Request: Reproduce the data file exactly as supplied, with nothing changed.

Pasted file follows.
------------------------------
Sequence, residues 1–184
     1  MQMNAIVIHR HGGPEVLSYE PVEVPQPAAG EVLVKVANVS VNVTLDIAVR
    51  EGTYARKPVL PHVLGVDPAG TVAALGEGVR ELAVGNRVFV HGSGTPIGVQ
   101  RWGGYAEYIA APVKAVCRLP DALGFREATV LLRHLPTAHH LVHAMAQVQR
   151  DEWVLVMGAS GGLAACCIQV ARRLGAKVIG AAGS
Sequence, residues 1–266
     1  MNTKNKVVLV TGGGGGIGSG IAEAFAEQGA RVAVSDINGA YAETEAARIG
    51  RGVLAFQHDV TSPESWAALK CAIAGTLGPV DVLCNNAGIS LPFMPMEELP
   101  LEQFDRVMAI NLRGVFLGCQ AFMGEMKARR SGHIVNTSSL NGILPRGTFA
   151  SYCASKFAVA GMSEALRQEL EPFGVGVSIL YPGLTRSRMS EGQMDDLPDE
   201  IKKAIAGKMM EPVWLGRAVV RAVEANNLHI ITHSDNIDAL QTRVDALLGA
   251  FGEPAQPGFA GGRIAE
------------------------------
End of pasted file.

Sequence, residues 1–184
     1  MQMNAIVIHR HGGPEVLSYE PVEVPQPAAG EVLVKVANVS VNVTLDIAVR
    51  EGTYARKPVL PHVLGVDPAG TVAALGEGVR ELAVGNRVFV HGSGTPIGVQ
   101  RWGGYAEYIA APVKAVCRLP DALGFREATV LLRHLPTAHH LVHAMAQVQR
   151  DEWVLVMGAS GGLAACCIQV ARRLGAKVIG AAGS
Sequence, residues 1–266
     1  MNTKNKVVLV TGGGGGIGSG IAEAFAEQGA RVAVSDINGA YAETEAARIG
    51  RGVLAFQHDV TSPESWAALK CAIAGTLGPV DVLCNNAGIS LPFMPMEELP
   101  LEQFDRVMAI NLRGVFLGCQ AFMGEMKARR SGHIVNTSSL NGILPRGTFA
   151  SYCASKFAVA GMSEALRQEL EPFGVGVSIL YPGLTRSRMS EGQMDDLPDE
   201  IKKAIAGKMM EPVWLGRAVV RAVEANNLHI ITHSDNIDAL QTRVDALLGA
   251  FGEPAQPGFA GGRIAE